SBJ/March 3 - 9, 2008/Forty Under 40
Published March 3, 2008
Chris Heck's first job out of college was working for the Class A minor league Frederick Keys, where he sold sponsorships, ran the box office and was the team's public relations director - all at the same time.
"And I was also in charge of the tarp during rain delays," Heck said. "That first summer I figured out that I was making 75 cents an hour, which included all the hot dogs I could eat. But it was a great learning experience."
Heck has come a long way since those days. Today, as a senior vice president in the NBA's team marketing and business operations department, Heck oversees a staff of 16 that works closely with all 30 NBA teams in selling tickets and sponsorships. He also works directly with the New York Knicks, Boston Celtics and Washington Wizards to help those teams do business, and he played a vital role in overseeing the business operations for the Hornets' temporary relocation to Oklahoma City.
Heck's particular expertise is in helping teams build their sponsorship base, and NBA team sponsorship revenue is up 17 percent over last season. Since he joined the NBA in 2004, team sponsorship revenue has grown annually by double digits.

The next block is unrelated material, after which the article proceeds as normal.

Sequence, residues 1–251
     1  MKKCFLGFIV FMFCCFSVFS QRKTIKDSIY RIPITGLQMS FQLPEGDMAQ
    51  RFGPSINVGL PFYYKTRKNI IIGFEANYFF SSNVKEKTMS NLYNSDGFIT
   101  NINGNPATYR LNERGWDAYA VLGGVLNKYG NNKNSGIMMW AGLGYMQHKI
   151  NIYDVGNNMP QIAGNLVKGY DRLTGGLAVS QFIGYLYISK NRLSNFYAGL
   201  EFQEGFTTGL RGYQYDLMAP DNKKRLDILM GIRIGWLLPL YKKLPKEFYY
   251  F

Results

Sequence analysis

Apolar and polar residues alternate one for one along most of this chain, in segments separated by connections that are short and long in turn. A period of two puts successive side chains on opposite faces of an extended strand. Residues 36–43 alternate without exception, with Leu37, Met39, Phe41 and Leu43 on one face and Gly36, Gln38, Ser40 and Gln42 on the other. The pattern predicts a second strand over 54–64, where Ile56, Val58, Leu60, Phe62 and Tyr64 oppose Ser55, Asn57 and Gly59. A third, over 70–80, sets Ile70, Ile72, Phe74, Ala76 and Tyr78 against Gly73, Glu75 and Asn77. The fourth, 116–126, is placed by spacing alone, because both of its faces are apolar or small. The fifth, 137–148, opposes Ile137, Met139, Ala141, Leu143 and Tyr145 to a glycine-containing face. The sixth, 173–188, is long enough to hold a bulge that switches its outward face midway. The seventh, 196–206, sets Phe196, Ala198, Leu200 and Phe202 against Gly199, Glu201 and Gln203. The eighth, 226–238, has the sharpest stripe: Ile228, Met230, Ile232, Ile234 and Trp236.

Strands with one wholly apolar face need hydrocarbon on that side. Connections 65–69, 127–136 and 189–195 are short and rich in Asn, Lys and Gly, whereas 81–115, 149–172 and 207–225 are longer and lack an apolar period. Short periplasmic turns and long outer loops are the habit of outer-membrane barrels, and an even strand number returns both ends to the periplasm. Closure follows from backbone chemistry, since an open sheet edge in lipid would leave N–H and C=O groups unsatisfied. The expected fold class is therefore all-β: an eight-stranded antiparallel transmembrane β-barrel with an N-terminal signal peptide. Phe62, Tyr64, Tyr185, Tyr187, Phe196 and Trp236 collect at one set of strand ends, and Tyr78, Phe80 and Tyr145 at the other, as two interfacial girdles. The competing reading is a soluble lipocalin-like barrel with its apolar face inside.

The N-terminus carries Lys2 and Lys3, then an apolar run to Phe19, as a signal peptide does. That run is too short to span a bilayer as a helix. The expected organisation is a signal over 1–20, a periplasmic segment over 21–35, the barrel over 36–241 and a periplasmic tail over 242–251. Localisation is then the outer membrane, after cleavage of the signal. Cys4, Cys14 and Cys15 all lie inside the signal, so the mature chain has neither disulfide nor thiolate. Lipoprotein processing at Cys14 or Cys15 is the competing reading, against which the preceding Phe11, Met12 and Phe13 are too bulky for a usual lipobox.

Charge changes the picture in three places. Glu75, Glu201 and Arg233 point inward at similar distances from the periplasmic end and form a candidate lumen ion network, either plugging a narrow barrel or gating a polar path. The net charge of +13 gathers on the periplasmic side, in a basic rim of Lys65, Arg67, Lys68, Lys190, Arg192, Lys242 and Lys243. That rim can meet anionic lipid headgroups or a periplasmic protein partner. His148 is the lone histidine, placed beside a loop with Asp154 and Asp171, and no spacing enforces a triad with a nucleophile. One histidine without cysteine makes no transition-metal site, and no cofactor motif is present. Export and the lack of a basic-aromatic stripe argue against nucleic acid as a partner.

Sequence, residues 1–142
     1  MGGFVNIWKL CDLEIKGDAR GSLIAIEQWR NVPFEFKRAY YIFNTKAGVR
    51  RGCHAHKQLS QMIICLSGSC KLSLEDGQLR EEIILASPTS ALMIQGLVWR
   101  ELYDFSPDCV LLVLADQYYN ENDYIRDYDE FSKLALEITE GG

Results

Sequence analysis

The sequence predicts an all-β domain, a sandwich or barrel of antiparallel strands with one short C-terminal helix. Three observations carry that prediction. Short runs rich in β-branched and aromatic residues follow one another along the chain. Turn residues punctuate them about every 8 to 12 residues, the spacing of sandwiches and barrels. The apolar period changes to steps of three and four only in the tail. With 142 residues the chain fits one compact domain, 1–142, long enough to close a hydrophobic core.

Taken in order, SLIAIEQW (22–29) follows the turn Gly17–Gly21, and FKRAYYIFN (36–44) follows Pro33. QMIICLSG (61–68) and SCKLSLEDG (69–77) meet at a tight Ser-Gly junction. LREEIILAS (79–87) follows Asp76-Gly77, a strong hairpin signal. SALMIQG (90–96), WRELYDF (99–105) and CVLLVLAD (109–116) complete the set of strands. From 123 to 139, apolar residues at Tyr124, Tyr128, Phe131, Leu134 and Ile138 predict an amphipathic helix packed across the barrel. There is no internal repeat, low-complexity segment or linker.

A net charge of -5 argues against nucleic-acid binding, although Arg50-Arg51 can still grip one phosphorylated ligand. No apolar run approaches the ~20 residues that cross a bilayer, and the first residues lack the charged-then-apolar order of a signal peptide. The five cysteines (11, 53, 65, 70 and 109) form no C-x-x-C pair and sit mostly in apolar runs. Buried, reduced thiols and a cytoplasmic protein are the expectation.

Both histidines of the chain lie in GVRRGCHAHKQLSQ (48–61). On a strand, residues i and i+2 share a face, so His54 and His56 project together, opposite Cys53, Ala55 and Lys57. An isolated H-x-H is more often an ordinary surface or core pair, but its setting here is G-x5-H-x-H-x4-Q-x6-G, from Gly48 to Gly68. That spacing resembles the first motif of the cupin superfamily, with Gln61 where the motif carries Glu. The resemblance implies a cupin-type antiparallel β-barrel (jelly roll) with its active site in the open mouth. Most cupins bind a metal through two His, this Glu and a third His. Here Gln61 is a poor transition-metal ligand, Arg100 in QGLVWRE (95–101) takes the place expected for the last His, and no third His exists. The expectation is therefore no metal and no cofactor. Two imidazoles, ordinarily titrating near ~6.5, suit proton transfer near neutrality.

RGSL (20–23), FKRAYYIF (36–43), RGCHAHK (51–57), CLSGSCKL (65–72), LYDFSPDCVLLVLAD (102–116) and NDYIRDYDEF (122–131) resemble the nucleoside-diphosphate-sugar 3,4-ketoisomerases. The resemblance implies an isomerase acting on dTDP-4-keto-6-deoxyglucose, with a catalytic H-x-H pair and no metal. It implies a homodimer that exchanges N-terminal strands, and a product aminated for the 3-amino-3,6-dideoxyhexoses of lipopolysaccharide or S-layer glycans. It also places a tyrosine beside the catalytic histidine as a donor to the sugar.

"The function of NBA team sponsors has changed greatly," Heck said. "It is managed more tightly and it is more of a science than in the past, where it was heavily skewed toward the art of relationships. Teams have grasped that and have been able to use it as a tool."
Before joining the NBA in 2004, Heck worked for the Miami Heat as director of sponsorship sales, and he also sold sports marketing rights for Villanova University, where he doubled sponsorship inventory and cut television programming rights deals. While at Villanova, Heck was an adjunct professor, and he currently teaches marketing at Columbia University, also as an adjunct.
"I call him the professor because of the methodical way he approaches our business," said NBA Deputy Commissioner Adam Silver. "Teams love his analytical ability to break down best practices that can be shared in other markets throughout the league. Despite the fact that he is a professor, he approaches the business like a student who is eager to learn about new ways of selling and marketing."